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If a nursery conplains about your 2.5 year olds behaviour....(6 Posts)
What do you want the parents to do about it?
Ds loves nursery (he goes a couple of days a week) but his key worker mentioned that he is not following instructions, routines etc
I am not sure what she wanted me to do about it, and didn't know how to ask this. So I was wondering if those with more experience know?
Background: he is probably more active and energetic than most children his age. He tends to play with older children at toddler groups/ parks, running around etc. We do have be 'parenting' him a lot more than some other parents it seems in regards to his behaviour and he always needs to be watched closely, but he really is not that difficult to deal with.
ask your key worker what methods they use, as you would like to be consistent with them. you get insight into what they're doing, and perhaps a little useful advice, plus it opens the opportunity for you to give feedback if you don't think your son is being handled correctly.
Thanks I will ask next time he's in. She didn't mention what they do, so that will be interesting. I've seen them deal with behaviour issues from other children in the past when picking up/dropping off but didn't think to ask for specifics.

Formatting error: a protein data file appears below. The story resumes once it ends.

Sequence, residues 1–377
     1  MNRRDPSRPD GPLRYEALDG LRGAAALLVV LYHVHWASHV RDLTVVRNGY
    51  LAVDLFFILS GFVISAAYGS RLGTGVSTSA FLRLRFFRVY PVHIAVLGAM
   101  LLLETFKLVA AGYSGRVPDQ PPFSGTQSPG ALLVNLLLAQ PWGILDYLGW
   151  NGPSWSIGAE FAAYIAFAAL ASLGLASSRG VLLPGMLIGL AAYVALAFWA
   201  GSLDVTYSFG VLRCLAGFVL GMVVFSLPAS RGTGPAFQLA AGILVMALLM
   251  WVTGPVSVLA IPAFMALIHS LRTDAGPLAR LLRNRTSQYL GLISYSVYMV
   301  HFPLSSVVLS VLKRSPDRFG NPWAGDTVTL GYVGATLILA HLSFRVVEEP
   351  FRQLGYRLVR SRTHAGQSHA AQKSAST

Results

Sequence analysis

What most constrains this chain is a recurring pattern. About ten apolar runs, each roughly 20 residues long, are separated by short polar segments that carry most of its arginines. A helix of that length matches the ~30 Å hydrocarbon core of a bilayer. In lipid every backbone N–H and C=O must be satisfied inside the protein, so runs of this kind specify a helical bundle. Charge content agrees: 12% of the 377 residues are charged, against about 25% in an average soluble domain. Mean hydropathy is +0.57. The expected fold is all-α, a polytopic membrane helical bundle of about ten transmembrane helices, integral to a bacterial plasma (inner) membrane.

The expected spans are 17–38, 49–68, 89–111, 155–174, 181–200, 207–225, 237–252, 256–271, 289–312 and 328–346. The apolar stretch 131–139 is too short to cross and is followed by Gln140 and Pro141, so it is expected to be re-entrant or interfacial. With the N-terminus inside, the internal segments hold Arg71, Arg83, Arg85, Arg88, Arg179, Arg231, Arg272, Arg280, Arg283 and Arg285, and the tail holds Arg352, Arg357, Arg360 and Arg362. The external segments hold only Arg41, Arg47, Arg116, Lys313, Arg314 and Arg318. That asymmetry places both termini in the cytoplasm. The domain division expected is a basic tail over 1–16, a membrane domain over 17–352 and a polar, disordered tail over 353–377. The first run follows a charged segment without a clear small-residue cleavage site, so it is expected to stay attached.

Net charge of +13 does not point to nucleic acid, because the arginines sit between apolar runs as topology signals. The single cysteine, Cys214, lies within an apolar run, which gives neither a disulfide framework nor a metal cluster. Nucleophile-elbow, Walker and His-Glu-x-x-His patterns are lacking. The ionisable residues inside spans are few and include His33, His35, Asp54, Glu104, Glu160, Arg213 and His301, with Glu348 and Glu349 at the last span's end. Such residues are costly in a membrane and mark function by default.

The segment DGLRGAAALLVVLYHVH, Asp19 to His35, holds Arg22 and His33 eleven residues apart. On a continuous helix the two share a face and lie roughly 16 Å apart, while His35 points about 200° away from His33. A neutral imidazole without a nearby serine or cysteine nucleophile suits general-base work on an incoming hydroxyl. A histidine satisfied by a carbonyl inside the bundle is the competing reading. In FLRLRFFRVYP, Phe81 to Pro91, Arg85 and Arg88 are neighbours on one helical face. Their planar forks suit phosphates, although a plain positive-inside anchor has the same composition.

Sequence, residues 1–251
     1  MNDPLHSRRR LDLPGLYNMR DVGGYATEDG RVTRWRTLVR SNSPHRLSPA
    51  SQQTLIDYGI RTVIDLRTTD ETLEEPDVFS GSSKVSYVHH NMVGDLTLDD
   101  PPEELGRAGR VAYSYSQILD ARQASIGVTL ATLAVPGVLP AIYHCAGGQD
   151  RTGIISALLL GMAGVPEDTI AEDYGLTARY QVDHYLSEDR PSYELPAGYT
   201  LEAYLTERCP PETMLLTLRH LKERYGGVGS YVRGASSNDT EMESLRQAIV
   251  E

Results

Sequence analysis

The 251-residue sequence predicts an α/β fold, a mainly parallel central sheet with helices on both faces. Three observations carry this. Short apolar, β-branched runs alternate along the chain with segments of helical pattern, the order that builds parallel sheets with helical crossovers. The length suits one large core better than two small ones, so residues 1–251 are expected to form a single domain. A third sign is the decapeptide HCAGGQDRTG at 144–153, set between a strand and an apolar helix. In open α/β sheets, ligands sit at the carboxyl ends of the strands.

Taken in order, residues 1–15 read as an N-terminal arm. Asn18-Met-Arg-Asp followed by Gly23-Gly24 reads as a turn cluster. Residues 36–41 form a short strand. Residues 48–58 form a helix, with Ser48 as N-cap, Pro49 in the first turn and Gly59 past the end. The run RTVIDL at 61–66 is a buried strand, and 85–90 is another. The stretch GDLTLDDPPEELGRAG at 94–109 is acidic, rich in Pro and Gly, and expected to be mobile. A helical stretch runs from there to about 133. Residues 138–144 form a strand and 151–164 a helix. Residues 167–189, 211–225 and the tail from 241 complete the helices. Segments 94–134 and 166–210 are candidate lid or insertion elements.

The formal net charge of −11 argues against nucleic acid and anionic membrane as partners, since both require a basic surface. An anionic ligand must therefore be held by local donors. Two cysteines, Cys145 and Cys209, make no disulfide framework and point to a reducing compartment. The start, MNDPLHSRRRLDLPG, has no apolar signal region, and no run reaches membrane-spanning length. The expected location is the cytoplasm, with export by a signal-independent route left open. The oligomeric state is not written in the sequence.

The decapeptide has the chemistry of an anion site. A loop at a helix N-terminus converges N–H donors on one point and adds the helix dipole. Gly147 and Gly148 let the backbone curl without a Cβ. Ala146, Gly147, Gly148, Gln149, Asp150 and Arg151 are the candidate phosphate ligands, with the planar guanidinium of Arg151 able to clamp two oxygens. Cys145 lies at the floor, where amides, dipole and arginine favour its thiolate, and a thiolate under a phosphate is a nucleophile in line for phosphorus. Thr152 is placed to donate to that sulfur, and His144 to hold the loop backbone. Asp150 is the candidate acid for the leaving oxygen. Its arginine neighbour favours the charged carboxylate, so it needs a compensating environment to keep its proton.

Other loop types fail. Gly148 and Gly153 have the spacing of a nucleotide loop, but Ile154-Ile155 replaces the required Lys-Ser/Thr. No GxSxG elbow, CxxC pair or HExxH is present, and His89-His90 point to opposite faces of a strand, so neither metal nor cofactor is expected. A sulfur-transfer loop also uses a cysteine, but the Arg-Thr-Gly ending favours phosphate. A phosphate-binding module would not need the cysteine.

she 'mentioned' it...
You need to sit down and have a proper discussion about it.
What to introduce, how they deal with things, how you do, both need to be following the same route and doing the same things..
The nursery can do a IDP - Individual development plan where there are set 'targets' and how everyone is working to achieve these, this is then shared with all staff who look after him, and everyone is following the same thing and your son isn't getting mixed messages..
Was she complaining, or describing his behaviour?
You have to remember that although your child's behaviour might be fine at home, in a group environment, away from home they might be completely different.
There are different rules, a busy, often noisy room with a lot going on. Plenty of distractions, staff from different backgrounds/training/personalities.
There are so many reasons why your child may be exhibiting this behaviour at nursery- even though you see none of it at home.
The keyperson's observations may be an indication of many things, but essentially she is starting a dialogue with you about your child's coping & involvement within the group learning environment. The nursery needs you to listen, not get defensive. Be open & honest and be willing to work in partnership with them, so they can support your child in moving forward in his learning and development.